“That’s why the Arts Council published Internships in the Arts last year, which we hope will help arts organisations offer high quality, paid internship opportunities that don’t put them at risk of legal action. These guidelines reflect the law, rather than create new rules or regulations, and while the Arts Council has no legal authority to find an employer in breach of the law we would encourage all arts organisations to take note of their responsibilities.
“We are working hard to ensure that employment opportunities in the arts are open to all and to build a diverse, highly skilled arts workforce which is why we have also established the Creative Employment Programme.”
Use this job search on Graduate Fog to filter out unpaid graduate positions!
I want to write but I don’t want to be lonely. I get lonely.
When I have poured myself out onto the page or work in isolation, I look up in a haze for interaction to fill up.
Some writers like that. And I feel worse about it then. Like, I’m meant to like it.
Writers write to connect with people but the actual process of writing involves aloneness.
It might be my situation that is lonely and writing doesn’t help (although it does, once I do it – but afterwards, not so much).
Yes, real art and real writing is about real life and real pain and it’s brave and embarrassing and that is how I resonate and connect with you. And sometimes it’s braver to point out what’s good in a cynical world.
But on the other hand…
A book written badly can be enjoyed by millions of readers. That’s connection, with the book, and with the other readers between themselves. Nice words don’t matter if you don’t have a story, a journey for the reader to experience, and you need to think about that before you write. You have to reveal it slowly if at all and seduce the reader to think and feel. Good writing is not even words. It’s thinking. Alone.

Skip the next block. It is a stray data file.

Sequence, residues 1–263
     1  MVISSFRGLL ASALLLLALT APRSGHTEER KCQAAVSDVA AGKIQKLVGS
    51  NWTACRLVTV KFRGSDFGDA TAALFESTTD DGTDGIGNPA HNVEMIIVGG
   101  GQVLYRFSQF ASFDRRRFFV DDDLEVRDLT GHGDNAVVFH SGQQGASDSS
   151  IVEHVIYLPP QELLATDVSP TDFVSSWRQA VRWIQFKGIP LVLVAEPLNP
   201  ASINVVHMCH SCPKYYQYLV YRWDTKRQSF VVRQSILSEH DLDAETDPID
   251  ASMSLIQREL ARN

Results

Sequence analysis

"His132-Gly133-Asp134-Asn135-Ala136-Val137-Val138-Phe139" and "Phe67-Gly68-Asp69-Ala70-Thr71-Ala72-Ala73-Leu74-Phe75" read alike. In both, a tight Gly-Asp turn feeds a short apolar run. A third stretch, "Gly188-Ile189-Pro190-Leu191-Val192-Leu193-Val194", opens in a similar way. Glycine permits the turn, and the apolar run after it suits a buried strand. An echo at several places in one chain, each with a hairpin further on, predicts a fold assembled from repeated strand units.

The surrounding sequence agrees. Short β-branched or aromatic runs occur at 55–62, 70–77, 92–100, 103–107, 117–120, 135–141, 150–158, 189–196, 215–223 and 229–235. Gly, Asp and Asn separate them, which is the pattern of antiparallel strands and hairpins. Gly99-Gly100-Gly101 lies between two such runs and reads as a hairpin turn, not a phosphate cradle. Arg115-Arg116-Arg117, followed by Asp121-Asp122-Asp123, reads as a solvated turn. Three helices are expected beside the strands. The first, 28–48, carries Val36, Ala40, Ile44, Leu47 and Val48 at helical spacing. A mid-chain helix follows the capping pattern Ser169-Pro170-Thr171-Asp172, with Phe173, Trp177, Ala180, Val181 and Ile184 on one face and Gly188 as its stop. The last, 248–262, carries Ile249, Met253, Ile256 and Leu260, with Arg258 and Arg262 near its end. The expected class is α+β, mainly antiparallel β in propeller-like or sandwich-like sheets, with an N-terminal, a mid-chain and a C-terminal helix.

Losing a very social and great job at the same time as moving house are the two most stressful things in the world by objective standards. They were the most overwhelming and isolating things when I experienced them. And at that time, my partner preferred alone time while alone time for me was painful.
I looked up loneliness and I learned something. With self-awareness, it is a closeness to yourself and a distance from others.
I wonder if that’s true for work.
I love it at times and hate it at others. I’m a bipolar writer?
At the end of the day, when I haven’t made ends meet, I conclude I have nothing to show for my work and achievements pale in comparison to others. I forget why people read and why people write and then I don’t understand what I do.
That’s probably a sign. Often, people feel lonely when they put others first and they come second. Maybe that goes for my work too. When it feels bad, I need to put myself first and my work second.
I’m going for a walk.
Here’s my theory.
Bad art is simply produced by an artist who is learning. That’s what failure is. And it fails because the artist didn’t have enough discipline, preparation, focus, or inherent talent. It fails because it’s a first experiment, a shaky start, the artist wasn’t sure about it, and it’s the only way to find out how to improve. The artist simply hasn’t learned, from experience, about what feels best (for them).